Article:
Nigel Swaby, the immediate past chair of the Fairpark Community Council, told the Senate committee, an MLB team would be a “huge catalyst” for the neighborhood. He added that crime issues in the area need to be dealt with as quickly as possible.

Opposition to raising taxes

Lawmakers who backed the original bill argued that hotel and car rental tax increases would be borne by out-of-state visitors. But the Utah Hotel and Lodging Association maintained that Utah residents account for about half of the hotel stays in the state. The organization says as more taxes are layered on, hoteliers would have to adjust their rates to compensate for the increases.

Americans for Prosperity-Utah, a conservative political advocacy group, called the bill a “lose-lose” for Utah taxpayers, who would face higher taxes and fewer public services if it passes.

“The MLB hasn’t even made an offer for an expansion team in Utah yet. While every Utahn would be excited for new sports teams, the wealthy sports franchises who want new stadiums should foot the bill themselves. If a billion dollars of hardworking families’ money is the price to play ball, Utah shouldn’t play the game at all,” Kevin Greene, state director for AFP-UT, said in a statement.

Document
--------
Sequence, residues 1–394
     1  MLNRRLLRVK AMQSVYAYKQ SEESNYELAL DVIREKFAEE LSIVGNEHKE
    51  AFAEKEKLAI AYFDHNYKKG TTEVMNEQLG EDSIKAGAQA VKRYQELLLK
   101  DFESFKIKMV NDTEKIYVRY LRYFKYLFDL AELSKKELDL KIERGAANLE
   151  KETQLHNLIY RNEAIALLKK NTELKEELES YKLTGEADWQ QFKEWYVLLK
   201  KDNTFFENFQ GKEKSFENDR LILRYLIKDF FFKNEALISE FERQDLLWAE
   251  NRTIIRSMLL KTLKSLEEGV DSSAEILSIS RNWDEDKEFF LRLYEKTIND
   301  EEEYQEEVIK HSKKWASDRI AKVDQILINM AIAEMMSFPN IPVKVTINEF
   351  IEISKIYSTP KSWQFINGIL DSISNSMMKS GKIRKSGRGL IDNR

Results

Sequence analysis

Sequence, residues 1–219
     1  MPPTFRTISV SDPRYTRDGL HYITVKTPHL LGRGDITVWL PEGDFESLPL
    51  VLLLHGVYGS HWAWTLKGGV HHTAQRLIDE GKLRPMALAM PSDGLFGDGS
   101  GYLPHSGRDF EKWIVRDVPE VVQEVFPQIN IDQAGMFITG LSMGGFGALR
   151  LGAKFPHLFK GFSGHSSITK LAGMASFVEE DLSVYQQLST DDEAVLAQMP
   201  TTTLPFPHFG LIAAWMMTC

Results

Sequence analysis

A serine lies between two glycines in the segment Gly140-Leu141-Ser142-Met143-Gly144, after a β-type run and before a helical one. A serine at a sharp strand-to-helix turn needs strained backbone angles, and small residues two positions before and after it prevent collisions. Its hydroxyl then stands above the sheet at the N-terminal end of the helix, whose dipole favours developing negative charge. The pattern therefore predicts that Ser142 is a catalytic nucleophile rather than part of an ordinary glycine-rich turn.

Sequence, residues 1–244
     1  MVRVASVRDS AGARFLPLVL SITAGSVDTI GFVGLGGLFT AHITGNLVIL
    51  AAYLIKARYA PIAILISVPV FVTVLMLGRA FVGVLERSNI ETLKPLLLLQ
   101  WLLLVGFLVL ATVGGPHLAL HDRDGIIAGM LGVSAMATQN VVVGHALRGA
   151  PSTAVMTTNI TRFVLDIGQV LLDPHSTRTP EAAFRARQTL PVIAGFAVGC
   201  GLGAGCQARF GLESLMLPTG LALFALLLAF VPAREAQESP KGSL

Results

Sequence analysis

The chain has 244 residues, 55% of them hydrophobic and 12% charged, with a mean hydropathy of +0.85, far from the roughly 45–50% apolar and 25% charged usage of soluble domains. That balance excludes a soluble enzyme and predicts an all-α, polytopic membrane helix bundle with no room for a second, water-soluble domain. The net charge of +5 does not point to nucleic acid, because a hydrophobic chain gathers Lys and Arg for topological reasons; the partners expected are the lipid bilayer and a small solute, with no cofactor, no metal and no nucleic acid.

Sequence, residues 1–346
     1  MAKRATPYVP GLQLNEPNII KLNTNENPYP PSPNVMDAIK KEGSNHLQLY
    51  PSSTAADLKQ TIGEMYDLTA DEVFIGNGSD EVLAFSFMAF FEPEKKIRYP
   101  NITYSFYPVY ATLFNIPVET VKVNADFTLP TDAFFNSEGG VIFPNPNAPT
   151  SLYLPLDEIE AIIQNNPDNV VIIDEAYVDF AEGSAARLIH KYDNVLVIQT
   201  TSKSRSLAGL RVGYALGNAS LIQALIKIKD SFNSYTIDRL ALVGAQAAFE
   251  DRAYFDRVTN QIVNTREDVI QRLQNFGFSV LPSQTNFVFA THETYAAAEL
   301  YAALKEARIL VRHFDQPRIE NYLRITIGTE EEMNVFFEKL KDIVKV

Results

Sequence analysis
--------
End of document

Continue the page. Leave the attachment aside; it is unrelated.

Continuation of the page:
First baseball, now hockey: NHL arena in downtown Salt Lake City would cost taxpayers $1B

Dozens of churches and faith leaders also questioned spending millions of dollars on proposed baseball and hockey venues when the state has so much need with homelessness and affordable housing.